Moms with young kids increased their booze consumption by nearly 325 percent between the start of the COVID-19 pandemic and the end of last year, a new study suggests.
The research — conducted by the nonprofit RTI International for the National Institute on Alcohol Abuse and Alcoholism — was part two of a study launched in 2020 to analyze the pandemic’s effects on American drinking habits.
The latest figures found that overall US drinking consumption was 39 percent higher in November 2020 than the previous February, before the virus hit the country.
The general recommended drinking guidelines for men allow up to four drinks per day but no more than 14 drinks per week, while for women, it’s no more than three drinks a day or seven drinks per week, according to the study.
Americans exceeding those guidelines increased by 27 percent from February and April of 2020 — and jumped to 39 percent between February and November, the new study found.
Additionally, binge drinking that increased 26 percent between February and April 2020 only jumped further, to 30 percent, between February and November.
“Our study shows that people didn’t just increase their alcohol consumption for a month or two at the beginning of the pandemic — the trend held for nearly the entire year,” said Carolina Barbosa, a health economist at RTI, in a statement.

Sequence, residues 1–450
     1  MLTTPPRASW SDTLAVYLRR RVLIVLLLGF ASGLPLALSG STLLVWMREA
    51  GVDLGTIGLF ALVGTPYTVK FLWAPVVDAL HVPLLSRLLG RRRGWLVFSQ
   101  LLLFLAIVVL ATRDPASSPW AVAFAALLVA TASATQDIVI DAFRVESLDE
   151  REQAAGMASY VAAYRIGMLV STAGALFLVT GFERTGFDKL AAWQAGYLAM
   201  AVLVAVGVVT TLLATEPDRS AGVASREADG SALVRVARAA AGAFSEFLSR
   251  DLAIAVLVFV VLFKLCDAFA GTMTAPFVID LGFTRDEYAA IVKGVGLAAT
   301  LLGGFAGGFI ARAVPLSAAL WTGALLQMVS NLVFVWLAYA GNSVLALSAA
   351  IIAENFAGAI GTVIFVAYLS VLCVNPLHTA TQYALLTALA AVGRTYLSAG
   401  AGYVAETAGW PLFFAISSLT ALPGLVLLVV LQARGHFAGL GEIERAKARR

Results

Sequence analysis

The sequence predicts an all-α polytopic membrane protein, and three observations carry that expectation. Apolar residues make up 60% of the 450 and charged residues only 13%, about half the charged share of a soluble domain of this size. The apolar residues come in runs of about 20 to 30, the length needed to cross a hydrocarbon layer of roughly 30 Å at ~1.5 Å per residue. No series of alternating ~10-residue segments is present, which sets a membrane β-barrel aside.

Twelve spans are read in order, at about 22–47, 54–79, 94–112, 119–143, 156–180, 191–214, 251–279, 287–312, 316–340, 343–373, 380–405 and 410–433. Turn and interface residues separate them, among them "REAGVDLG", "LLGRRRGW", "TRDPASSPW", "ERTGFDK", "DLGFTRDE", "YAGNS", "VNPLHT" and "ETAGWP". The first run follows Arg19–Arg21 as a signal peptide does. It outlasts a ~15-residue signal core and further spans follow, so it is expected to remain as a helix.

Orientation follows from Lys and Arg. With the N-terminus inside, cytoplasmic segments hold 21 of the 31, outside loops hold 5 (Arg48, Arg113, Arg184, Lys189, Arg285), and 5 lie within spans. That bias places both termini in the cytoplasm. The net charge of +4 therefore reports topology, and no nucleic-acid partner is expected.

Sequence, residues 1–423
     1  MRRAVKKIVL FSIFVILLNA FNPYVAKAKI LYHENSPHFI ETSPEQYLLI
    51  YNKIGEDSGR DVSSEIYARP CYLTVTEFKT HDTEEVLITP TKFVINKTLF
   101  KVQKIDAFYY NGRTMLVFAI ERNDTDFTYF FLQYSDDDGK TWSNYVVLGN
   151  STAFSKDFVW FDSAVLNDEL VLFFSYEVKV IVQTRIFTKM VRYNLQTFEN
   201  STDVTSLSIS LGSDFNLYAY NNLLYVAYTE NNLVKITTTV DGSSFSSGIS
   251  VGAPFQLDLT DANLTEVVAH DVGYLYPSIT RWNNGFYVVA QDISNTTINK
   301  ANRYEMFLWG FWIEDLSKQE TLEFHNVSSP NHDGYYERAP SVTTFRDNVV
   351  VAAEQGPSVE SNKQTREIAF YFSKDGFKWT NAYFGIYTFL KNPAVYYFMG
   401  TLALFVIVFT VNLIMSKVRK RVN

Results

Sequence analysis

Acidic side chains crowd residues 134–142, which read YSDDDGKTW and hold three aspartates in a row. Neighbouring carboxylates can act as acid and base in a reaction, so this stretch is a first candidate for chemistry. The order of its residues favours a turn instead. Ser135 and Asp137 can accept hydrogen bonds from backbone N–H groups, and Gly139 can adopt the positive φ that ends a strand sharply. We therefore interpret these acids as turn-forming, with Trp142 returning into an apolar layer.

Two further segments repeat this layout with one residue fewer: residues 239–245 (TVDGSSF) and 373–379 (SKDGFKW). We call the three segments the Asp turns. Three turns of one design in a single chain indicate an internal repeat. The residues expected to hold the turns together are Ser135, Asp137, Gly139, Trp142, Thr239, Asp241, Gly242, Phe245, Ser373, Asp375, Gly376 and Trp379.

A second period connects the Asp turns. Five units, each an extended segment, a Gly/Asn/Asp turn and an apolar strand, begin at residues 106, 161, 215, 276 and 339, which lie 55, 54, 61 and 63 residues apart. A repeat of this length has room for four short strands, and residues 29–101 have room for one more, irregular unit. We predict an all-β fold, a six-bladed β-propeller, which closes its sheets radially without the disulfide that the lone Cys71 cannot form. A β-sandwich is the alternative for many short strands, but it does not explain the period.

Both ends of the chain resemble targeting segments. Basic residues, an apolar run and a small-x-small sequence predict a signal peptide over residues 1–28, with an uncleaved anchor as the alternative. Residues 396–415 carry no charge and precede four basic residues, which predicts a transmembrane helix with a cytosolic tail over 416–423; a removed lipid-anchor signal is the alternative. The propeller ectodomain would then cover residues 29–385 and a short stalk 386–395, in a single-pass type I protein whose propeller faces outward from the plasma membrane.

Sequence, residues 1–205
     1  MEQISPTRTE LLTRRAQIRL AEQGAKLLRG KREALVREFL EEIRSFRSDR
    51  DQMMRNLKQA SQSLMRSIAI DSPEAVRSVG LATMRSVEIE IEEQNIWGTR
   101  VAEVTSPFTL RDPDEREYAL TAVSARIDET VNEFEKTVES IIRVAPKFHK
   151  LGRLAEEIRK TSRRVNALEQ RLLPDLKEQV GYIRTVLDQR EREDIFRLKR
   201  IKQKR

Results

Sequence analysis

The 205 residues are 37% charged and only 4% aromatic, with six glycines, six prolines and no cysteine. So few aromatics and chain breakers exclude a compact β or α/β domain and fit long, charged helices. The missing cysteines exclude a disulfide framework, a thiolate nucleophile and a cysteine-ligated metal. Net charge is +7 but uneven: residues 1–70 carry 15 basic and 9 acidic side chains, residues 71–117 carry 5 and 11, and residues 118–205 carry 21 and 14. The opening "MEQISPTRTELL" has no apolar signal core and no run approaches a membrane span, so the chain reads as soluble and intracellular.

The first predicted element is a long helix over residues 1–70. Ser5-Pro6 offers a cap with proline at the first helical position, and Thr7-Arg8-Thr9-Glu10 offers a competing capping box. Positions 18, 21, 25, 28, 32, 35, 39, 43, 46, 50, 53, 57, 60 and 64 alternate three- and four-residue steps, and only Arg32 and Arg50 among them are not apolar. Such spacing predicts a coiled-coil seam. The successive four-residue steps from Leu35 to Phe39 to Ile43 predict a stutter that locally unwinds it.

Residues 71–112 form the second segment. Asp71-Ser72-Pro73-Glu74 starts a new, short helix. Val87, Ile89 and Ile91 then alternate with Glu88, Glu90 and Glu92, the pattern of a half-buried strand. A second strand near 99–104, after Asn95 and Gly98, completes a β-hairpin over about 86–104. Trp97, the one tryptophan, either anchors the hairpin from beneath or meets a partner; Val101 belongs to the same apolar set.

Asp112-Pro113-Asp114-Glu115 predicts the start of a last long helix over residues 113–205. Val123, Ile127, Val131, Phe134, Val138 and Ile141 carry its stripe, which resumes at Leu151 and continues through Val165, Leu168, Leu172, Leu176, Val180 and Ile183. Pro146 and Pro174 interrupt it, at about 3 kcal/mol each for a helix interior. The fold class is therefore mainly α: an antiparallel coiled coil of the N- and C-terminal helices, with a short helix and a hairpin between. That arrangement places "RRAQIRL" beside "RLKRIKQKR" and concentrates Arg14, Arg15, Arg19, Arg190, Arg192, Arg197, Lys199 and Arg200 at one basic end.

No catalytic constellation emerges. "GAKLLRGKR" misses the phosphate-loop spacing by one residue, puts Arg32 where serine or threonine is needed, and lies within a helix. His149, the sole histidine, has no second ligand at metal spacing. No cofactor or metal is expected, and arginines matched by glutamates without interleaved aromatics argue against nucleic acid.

“Increases in alcohol consumption have been associated with natural disasters and other large-scale events that induce stress and anxiety, and a pandemic certainly fits that description.”
More women disproportionately reported exceeding the recommended drinking guidelines than men between April and November 2020.
Women with children under age 5 in their homes increased alcohol consumption 323 percent, the study found.
“Women are more likely to use alcohol to cope with stress, depression, and anxiety, and all these are a natural response to the COVID-19 pandemic,” Barbosa said. “Alcohol consumption among women has been on the uptick for the past two decades, and our study suggests the pandemic may only exacerbate that trend.”
Barbosa said that relaxed alcohol regulations during the pandemic such as curbside pickup from liquor stores, made access to booze easier.
“Policymakers should be prepared to respond to the public health consequences of such a sudden, sustained increase in alcohol consumption,” she said. “I would also encourage them to consider lessons learned from the pandemic.
“For example, relaxing regulations during the pandemic to allow curbside pick-up and extending privileges for home alcohol deliveries may have contributed to increased consumption, and now some of these relaxed regulations are being permanently adopted.”
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